THE REDS & THE WHITES & THE BLUES by Michael Moorcock (Arthur, 2003)

THE REDS & THE  WHITES & THE BLUES

Waving the flags of empire in the 21st century

by Michael Moorcock

Originally published in Arthur No. 5 (July 2003)


“It’s not easy to get everyone against you.”

                           Imran Khan, Pakistani cricketer, April 2002

“What God hates most is arrogance. And what I see in the United States is sheer arrogance.”

                          Mullah Anar M. Anif, Peshawar, Pakistan, April 2002

“Chap in a dishdash coming through.”

                          British officer in Iraq, March 2003

BLOOD RUNS DOWN  the camera lens. The American plane has shot up a column of Kurds, US Special Forces and a BBC TV crew. “A scene from hell,” says journalist John Simpson, whose interpreter has just been killed. Some of the footage, sans the blood, is shown on American network TV for a few seconds. Most of these scenes from hell, of course, are not filmed. They are happening to people who don’t own video cameras. 

Sitting here in Texas watching BBC TV on my computer reminds me that there is no film from Amritsar except the fictional reconstruction offered in Richard Attenborough’s Gandhi. That hypocritical piece of imperial self-serving posed as an authentic account. The massacre was portrayed as an aberration rather than the norm. I also start thinking of Lawrence of Arabia, David Lean’s powerful piece of romanticized imperial history. I recall how disgusted I was by Attenborough’s other essay into whitewashing middle-class liberal sensibilities, Cry, Freedom, about the murder of Steve Bitko in South Africa. The British are good at this kind of misleading sentimentality. They’re subtler than Americans who crudely rewrite history to show themselves or versions of themselves as simple heroes, whether it’s Errol Flynn single-handedly ‘liberating’ Burma in WW2, Mel Gibson defeating the British in The Patriot, Mel Gibson pretending to be a Norman baron gone native in Braveheart, the falsifications of Blackhawk Down, or Americans (rather than British) discovering how to beat the Germans with the Enigma machine. The British are ultimately more persuasive, I suspect. They’ve had more practice at this kind of patriotic propaganda than the Americans, by and large. Everyone’s learned from Goebbels, whether they know it or not, of course.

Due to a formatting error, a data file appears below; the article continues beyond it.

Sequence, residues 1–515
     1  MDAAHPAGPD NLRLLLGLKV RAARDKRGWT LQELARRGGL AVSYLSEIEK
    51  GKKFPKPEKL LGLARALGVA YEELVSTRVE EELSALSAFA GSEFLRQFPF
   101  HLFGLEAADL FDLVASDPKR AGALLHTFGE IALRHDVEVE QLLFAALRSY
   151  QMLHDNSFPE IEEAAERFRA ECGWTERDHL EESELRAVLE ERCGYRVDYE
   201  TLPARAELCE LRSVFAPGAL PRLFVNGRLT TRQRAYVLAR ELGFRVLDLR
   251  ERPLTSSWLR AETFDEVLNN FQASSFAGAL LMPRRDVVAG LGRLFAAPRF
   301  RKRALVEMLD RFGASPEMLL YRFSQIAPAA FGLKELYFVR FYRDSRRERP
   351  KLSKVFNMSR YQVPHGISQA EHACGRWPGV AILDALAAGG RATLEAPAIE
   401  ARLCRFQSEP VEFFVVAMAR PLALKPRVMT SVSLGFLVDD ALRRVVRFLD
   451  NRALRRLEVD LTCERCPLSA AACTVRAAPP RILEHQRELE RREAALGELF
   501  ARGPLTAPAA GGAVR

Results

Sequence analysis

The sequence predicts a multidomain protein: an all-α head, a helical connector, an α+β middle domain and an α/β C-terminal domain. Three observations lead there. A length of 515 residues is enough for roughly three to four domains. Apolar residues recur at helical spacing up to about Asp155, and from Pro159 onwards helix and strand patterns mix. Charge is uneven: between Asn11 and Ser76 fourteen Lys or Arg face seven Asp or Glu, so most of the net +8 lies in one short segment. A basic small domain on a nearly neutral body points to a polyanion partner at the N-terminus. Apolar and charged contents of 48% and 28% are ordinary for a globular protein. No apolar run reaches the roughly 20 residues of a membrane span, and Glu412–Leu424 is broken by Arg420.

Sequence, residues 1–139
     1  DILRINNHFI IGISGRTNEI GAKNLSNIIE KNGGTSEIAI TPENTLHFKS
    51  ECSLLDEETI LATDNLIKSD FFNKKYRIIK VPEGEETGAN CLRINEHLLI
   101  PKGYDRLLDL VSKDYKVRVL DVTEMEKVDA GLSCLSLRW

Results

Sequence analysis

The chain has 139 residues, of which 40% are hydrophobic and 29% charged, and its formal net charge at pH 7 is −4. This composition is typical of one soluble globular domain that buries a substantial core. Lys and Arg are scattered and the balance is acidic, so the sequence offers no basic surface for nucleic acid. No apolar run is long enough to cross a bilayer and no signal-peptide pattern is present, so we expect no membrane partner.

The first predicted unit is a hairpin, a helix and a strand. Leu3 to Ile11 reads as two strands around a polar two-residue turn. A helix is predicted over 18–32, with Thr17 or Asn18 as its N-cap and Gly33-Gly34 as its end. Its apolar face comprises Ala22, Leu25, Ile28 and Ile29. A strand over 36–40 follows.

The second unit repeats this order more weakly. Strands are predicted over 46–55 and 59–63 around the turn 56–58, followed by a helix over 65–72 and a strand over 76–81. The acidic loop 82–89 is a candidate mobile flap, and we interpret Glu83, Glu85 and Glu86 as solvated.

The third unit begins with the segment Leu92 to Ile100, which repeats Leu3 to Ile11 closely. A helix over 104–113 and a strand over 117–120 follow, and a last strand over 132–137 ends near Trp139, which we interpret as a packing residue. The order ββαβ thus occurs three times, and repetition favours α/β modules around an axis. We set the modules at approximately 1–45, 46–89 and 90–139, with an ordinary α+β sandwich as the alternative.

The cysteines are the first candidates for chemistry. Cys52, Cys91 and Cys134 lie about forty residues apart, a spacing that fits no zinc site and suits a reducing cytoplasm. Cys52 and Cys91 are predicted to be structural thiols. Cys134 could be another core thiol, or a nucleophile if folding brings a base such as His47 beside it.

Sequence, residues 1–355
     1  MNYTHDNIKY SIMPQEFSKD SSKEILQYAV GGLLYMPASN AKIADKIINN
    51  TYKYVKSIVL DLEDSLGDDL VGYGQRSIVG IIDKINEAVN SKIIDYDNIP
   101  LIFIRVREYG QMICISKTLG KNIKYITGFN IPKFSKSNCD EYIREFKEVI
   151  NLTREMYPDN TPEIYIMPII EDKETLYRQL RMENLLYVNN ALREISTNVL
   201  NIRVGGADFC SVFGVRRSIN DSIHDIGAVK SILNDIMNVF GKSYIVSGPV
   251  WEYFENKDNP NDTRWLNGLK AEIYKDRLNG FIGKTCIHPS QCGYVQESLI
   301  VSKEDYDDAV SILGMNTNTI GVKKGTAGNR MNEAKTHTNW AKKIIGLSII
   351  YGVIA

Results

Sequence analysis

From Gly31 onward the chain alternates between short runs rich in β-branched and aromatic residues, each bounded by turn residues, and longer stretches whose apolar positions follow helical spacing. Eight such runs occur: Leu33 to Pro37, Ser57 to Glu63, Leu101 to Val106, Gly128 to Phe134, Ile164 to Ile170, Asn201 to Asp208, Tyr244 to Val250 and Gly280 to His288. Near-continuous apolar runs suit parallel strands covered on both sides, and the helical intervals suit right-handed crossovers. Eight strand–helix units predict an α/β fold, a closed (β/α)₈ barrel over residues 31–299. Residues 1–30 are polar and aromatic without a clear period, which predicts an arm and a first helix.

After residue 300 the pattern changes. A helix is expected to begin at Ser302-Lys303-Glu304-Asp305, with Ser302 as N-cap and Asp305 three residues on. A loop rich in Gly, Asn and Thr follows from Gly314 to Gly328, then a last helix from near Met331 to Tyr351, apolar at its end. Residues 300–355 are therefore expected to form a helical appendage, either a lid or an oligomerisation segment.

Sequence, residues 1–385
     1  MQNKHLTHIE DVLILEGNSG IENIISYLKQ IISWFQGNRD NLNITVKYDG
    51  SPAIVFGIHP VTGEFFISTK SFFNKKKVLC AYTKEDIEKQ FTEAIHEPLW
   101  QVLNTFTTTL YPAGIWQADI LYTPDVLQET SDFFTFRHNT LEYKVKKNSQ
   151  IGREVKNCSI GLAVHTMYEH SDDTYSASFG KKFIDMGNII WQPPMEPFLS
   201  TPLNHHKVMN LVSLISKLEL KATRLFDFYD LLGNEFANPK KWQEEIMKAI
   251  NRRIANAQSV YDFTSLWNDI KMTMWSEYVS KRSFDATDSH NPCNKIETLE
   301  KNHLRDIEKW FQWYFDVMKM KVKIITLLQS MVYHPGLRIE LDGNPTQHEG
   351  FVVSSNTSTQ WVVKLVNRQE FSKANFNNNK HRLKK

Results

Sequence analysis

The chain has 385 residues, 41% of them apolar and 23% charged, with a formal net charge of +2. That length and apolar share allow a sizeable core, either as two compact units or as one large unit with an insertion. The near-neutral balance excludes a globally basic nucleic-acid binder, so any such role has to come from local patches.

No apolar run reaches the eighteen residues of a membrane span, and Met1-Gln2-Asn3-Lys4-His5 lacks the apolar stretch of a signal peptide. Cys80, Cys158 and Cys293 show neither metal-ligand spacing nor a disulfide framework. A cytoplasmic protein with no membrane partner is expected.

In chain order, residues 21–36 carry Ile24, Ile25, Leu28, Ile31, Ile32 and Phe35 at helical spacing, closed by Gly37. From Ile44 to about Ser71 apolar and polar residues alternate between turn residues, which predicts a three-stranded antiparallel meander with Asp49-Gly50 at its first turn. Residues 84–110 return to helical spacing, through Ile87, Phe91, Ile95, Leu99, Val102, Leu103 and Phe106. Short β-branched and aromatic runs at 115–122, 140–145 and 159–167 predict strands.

“Chap in a dishdash…”

Dishdash?

Those of us still alert to the language of Empire remember the teenage soldiers coming home to Britain to tell stories of the tricks they played on brown civilians across the globe in the 1940s and 50s as the British slowly gave ground to angry freedom fighters in, for instance, Burma, Malaya, Kenya, Palestine and Cyprus.

Dishdash.